Loggerhead shrikes and stellars jays woke us with their shrieks. Thank you, birds. Yesterday morning we watched the sunrise from the comfort of our tent and then regretted the missed photos all day. Today, we rise.
Blurry-eyed and half-dressed we stumble through the canyon and up to a ridge that overlooks the ocean. Pairs of California quails scurry out of our paths, throwing us annoyed glances. Deer watch us from their own elevated perches. Ravens have congregated and are holding conference on a flat piece of rock. I always forget that I love mornings. I usually love sleeping more.
From the ridge we can see the cloud-shrouded island of Santa Cruz, another Channel Island. Within minutes, its curtains unfold, the sun emerges, and then itís over. Good morning!
The afternoon holds even more delights. An eight mile hike takes us to the eastern end of the island and a rocky shoreline filled with hundreds of little pools.
Tide pools! Is there anything I like more than a sandy beach? Yes! A rocky beach filled with tide pools. Just stand still and look down. Peer into any water-filled nook or cranny. Even my less than 20/20 eyes can see hermit crabs, snails, sea anemones, little fish and sometimes, if I am really lucky, a starfish.
I first discovered these microcosms at Cabrillo National Monument in San Diego. I had no idea the creatures that filled so many aquariumsí ďtouch meĒ tanks could be found so readily outside. This was a whole new world to me.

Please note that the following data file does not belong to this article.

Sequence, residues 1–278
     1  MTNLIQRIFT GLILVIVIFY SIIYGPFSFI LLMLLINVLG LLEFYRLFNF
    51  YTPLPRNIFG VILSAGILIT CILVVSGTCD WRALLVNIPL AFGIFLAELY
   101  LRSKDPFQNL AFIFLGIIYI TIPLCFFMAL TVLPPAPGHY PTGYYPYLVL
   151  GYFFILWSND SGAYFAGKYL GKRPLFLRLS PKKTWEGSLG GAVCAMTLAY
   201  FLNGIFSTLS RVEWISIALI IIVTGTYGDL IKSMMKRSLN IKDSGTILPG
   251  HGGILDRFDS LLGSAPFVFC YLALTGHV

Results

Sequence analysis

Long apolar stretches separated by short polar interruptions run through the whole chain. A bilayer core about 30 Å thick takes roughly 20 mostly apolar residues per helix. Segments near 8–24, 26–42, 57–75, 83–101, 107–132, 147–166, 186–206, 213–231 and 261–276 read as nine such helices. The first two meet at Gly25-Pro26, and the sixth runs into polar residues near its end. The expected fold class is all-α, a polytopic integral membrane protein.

At Cabrillo, I had to watch my step. Not so much because of the thousands of nickel-sized hermit crabs but because of the dozens of other humans sharing the same slippery rock surfaces, peering into the waters and (gasp) sometimes sticking their hands in. Today, Michael and I share the rocks with sunbathing seals and oystercatchers or, as we like to call them, demon birds.
The seals are a distance away and occupied with games in the surf. The red glowing eyes, bright red beak and red legs of the black demon birds are all focused on one task. Catching, picking apart and eating oysters. Michael is in search of the biggest crab. My eyes are fixed on the splendid orange starfish clinging to the underside of a rock that is getting pummeled by the incoming waves.
Being near the ocean is a joy in itself. But searching for creatures and colors in the pools gives me a reason to lengthen our visit to the beach. A purpose in my step as I scramble from rock to rock. Whatís in here? Whatís over here? Exploring tide pools is better than beachcombing; (here Iíll whisper so Michael wonít hear me) even better than birding.
Concentrated, slow moving, brightly colored, beautiful and unique. These are adjectives that someone with bad eyesight and an old pair of glasses can really appreciate. Tide pools were made for me.
As I squat and squint into yet another pool, I wonder if Iíll see any abalone. Thatís what the girl in Island of the Blue Dolphins used to eat. In fact, the entire time we have been on the island I have been thinking about her. I canít remember her name but I remember how she was left behind as her village moved away, how she overcame her fear and loneliness and learned to love the island. Today, I love this island.
Santa Barbara, another Channel Island, is the setting for Scott OíDellís childrenís book. But thatís close enough. This is only our third day on Santa Rosa. Three long days filled with walks, talks, observations. It seems there is a choice here. You can go crazy with the solitude and sounds from the wind, water and wild. Or you can accept them. Embrace them. Enjoy them. Like the girl in the Island of the Blue Dolphins did. Like I am learning to do.